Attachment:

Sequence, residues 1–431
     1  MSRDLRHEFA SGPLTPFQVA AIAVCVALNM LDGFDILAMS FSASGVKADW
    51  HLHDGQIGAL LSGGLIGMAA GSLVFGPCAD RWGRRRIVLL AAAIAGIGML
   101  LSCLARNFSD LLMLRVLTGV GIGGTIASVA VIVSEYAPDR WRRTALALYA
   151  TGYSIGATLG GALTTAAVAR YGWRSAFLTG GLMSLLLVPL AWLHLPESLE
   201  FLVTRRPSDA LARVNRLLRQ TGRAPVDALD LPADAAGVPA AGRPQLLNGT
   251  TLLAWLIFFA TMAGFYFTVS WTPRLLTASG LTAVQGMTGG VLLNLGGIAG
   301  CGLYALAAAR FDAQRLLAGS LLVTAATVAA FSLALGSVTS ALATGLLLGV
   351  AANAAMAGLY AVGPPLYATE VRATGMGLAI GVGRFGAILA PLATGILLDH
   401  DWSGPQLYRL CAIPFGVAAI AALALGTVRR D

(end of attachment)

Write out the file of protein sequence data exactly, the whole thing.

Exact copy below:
Sequence, residues 1–431
     1  MSRDLRHEFA SGPLTPFQVA AIAVCVALNM LDGFDILAMS FSASGVKADW
    51  HLHDGQIGAL LSGGLIGMAA GSLVFGPCAD RWGRRRIVLL AAAIAGIGML
   101  LSCLARNFSD LLMLRVLTGV GIGGTIASVA VIVSEYAPDR WRRTALALYA
   151  TGYSIGATLG GALTTAAVAR YGWRSAFLTG GLMSLLLVPL AWLHLPESLE
   201  FLVTRRPSDA LARVNRLLRQ TGRAPVDALD LPADAAGVPA AGRPQLLNGT
   251  TLLAWLIFFA TMAGFYFTVS WTPRLLTASG LTAVQGMTGG VLLNLGGIAG
   301  CGLYALAAAR FDAQRLLAGS LLVTAATVAA FSLALGSVTS ALATGLLLGV
   351  AANAAMAGLY AVGPPLYATE VRATGMGLAI GVGRFGAILA PLATGILLDH
   401  DWSGPQLYRL CAIPFGVAAI AALALGTVRR D